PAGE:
On the day of the release of their latest album, ‘Good Woman’, Jess, Millie and Emily Staveley-Taylor walked on to London’s Lafayette with a virtual audience sat at home in their living rooms waiting to hear The Staves. It’s not quite live music as we know and love, and this performance would only make us miss it more. It was utterly beautiful and powerful.
The deep tones of the bass riff to the new album’s title track travelled from London into the homes of The Staves’ doting fans, as their angelic voices arrived in unison. You expect excellent and classy harmonies when watching this band and they didn’t disappoint. The three sisters treated us to two more tracks from ‘Good Woman’, with ‘Failure’ and ‘Satisfied’. They immediately showed off their impactful sound, as there were already moments of mighty churchlike power in their performance.
After a reminder of their second album with ‘Make It Holy’, the Watford-trio wandered off into a room backstage. They joked in quintessential Staves fashion about enjoying the tour. “Gruelling, isn’t it?”
Jess sat at a piano and played one of the highlights of the new album, ‘Waiting On Me To Change’, whilst Millie and Emily harmonised to the stirring ballad. They were joined by a cornetist and a violinist, as they played a couple more acoustic tracks before returning to the stage.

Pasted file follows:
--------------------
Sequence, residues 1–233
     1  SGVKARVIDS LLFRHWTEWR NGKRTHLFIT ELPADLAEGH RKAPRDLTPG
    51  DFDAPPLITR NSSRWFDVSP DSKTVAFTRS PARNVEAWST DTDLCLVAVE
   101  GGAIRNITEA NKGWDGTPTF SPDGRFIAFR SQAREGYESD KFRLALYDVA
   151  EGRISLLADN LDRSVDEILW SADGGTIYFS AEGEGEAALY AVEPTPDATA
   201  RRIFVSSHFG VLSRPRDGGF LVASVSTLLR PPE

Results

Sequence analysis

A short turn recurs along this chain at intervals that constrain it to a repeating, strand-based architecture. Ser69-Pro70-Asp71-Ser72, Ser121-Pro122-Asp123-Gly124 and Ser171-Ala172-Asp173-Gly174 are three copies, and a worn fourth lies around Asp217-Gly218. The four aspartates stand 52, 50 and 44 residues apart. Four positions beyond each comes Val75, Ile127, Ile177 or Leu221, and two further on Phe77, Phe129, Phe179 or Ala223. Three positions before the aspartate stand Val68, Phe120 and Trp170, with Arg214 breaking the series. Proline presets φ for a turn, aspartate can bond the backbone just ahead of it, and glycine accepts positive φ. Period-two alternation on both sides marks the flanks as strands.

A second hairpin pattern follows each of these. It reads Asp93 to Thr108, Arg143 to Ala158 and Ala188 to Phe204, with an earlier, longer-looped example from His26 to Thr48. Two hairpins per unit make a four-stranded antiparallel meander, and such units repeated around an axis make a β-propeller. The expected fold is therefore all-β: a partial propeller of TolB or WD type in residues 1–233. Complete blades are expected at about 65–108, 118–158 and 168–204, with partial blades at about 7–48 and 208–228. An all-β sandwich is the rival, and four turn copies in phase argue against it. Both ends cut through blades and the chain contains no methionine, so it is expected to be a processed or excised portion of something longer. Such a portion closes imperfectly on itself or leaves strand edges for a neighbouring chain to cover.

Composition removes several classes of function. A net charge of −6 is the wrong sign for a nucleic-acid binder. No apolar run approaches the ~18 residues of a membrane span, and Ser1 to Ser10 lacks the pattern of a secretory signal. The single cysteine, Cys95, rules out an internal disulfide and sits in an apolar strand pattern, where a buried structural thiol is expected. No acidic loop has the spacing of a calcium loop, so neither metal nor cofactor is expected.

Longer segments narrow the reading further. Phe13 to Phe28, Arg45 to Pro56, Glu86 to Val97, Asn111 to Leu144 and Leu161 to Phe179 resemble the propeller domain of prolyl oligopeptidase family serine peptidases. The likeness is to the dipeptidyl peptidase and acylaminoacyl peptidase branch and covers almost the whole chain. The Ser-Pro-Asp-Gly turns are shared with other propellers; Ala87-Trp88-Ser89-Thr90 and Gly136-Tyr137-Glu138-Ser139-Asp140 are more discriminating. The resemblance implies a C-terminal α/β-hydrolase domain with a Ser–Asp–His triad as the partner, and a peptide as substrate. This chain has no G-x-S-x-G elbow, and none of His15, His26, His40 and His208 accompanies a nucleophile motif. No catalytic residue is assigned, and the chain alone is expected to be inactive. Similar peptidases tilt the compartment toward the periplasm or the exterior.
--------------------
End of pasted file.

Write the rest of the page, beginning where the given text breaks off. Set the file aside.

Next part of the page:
The Staves came braced the spotlight with some more songs from the album, as well as ‘Tired As Fuck’, which they described to Clash as “a pretty rockin’ song” in an interview, which certainly fits with the atmosphere they’ve created with ‘Good Woman’. Their warm and likeable nature was on full display as they giddily jumped up and down chanting “music is fun”, which they explained in their Q&A following the show was a piece of advice that reminded them why they were musicians. Because music is fun.
They rounded the set off with ‘Eagle Song’. The last track from their debut album ‘Dead & Born & Grown'. It was they were reminding their fans of who they are. Perhaps they were also reminding themselves of where they come from. It had their folk roots infused in it and it was a perfect way to end their set. They sat down afterwards with a drink and answered questions about everything from useless talents to how they wrote the album. The Staves are a breath of fresh air and should be on everyone’s list to see when they can tour properly.
Words: Adam Laver
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